Twenty years ago, Seattle University’s Chapel of St. Ignatius opened its doors on Palm Sunday, promising to provide a gathering place for prayer and liturgy. Since then, it has blossomed into an extraordinary place of worship—and developed into something much more. The small gem, with its beacon-like colored lights glowing in the darkness at night, has grown into a magnetic symbol of Seattle U. A part of the university’s core identity, the chapel is a world-recognized architectural landmark; it is the hub of a vibrant spiritual community with weekly Masses for students and the larger SU community; and an open-hearted, meditative space.
In 1991, then-president William Sullivan, S.J., announced his plans for a chapel on campus dedicated to the founder of the Jesuits, St. Ignatius. The university hired Steven Holl, a Bremerton-born, internationally acclaimed architect, to lead the project. Holl was captivated by Ignatian philosophy and challenged by the notion of how to translate light and darkness into a sacred space.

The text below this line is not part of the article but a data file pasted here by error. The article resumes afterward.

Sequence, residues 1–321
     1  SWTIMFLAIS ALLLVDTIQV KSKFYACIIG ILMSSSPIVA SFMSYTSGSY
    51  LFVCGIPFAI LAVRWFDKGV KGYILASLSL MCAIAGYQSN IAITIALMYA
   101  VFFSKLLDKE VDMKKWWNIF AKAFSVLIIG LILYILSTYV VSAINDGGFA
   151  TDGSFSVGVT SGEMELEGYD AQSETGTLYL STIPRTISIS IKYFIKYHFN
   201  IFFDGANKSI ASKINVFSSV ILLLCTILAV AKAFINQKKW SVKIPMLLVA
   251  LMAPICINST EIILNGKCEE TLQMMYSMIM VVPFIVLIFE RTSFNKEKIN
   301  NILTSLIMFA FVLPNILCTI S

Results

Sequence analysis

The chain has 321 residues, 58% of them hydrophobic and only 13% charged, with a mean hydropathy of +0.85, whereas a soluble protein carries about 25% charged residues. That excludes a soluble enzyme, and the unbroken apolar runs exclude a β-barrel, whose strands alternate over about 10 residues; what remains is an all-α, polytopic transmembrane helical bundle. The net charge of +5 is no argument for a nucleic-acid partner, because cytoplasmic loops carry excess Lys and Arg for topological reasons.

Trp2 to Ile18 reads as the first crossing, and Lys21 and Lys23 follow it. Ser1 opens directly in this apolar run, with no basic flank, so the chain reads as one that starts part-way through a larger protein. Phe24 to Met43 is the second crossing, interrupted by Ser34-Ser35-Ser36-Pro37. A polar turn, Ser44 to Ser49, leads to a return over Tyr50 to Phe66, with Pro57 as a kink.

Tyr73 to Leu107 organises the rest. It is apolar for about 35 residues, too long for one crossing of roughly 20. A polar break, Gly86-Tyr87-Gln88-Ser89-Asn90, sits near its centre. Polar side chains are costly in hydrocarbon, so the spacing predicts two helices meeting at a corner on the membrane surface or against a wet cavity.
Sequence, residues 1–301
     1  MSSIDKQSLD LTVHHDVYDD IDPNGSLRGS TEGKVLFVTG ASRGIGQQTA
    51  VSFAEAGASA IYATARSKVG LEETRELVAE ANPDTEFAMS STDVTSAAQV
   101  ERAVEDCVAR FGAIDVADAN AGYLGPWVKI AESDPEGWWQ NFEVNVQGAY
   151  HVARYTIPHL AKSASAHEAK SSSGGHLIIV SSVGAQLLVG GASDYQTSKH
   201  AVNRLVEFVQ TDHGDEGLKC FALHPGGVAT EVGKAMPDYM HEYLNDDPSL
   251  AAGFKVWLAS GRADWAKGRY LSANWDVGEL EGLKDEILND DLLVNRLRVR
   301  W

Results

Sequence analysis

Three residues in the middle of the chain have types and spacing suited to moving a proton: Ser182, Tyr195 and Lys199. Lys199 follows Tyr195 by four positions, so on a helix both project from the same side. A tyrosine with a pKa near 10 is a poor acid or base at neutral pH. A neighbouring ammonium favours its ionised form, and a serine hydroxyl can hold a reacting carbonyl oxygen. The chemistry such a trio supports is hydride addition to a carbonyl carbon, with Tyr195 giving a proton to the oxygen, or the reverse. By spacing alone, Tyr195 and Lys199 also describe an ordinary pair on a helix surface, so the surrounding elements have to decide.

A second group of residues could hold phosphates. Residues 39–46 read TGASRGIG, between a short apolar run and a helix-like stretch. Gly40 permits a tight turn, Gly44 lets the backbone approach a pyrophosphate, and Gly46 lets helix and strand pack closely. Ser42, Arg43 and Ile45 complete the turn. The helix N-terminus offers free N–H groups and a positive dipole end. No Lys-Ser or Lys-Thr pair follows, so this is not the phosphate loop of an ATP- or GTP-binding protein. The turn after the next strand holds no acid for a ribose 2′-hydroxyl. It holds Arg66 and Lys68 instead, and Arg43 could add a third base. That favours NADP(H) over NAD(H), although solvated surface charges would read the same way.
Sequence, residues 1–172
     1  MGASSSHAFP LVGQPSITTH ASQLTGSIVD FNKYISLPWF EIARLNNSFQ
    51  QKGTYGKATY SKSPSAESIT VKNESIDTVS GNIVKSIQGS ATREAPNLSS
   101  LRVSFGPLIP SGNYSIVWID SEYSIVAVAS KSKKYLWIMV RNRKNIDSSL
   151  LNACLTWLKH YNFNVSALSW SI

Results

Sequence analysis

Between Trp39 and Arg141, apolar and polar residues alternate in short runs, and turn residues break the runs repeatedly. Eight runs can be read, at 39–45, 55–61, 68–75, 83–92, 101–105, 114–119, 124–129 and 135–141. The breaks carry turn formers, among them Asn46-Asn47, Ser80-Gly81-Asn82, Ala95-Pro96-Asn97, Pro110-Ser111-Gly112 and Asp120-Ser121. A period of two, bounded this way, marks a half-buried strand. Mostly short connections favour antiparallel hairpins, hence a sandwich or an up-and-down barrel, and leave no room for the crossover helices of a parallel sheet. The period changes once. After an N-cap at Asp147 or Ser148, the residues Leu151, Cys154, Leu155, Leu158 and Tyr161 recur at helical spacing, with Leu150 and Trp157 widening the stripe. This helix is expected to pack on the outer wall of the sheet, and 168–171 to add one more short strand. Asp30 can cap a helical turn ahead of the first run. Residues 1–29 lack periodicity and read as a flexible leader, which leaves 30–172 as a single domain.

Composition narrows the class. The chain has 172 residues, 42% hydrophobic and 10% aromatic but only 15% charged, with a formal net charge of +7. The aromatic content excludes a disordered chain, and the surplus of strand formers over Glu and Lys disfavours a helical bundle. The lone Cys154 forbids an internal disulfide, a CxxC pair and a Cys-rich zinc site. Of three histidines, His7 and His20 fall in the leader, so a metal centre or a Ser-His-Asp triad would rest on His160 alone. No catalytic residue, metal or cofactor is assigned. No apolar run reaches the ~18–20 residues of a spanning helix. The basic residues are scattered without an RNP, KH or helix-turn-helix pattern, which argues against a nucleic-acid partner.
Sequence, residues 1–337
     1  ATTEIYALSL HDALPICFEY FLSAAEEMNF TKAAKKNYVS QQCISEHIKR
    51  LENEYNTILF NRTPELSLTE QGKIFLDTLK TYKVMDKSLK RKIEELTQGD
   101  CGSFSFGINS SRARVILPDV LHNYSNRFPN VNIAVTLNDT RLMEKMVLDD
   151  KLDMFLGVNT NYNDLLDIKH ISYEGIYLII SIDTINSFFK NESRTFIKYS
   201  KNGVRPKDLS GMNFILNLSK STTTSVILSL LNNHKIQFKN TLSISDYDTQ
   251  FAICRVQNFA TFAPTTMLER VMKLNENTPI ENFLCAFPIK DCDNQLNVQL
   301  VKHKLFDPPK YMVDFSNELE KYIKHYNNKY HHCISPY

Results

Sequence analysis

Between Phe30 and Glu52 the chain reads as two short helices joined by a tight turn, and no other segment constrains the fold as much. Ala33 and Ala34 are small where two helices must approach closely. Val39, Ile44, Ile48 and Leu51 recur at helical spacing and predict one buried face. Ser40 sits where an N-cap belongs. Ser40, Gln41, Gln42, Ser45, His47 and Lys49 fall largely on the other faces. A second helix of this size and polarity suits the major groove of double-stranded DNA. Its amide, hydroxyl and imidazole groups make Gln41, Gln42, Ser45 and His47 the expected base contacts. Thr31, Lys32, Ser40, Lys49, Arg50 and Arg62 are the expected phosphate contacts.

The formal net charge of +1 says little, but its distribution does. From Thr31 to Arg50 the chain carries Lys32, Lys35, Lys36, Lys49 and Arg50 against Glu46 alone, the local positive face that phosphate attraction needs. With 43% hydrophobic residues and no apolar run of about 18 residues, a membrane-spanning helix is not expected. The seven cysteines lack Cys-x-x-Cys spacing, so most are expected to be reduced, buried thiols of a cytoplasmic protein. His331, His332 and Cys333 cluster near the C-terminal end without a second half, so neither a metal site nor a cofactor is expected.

The concept had two meanings. It reflected the Ignatian idea of “discernment,” the sorting through of internal light and darkness—St. Ignatius termed them “consolations and desolations”—to achieve clear purpose in decision-making.
More than a physical landmark, the chapel has become part of the university’s identity. It embodies the university’s Jesuit mission, reaching out to the non-Catholic community with interdenominational services and events. Living up to Holl’s vision of a “gathering of lights,” the chapel is open to people of all faiths.
(CLICK HERE for a homily President Stephen Sundborg, S.J., recently delivered on the chapel's anniversary.)
Over these past two decades, the chapel has evolved into a living place and vibrant home for a community that spans SU and its surrounding world—with more than 40,000 annual visitors.
(This article will appear in a forthcoming issue of Seattle Magazine.)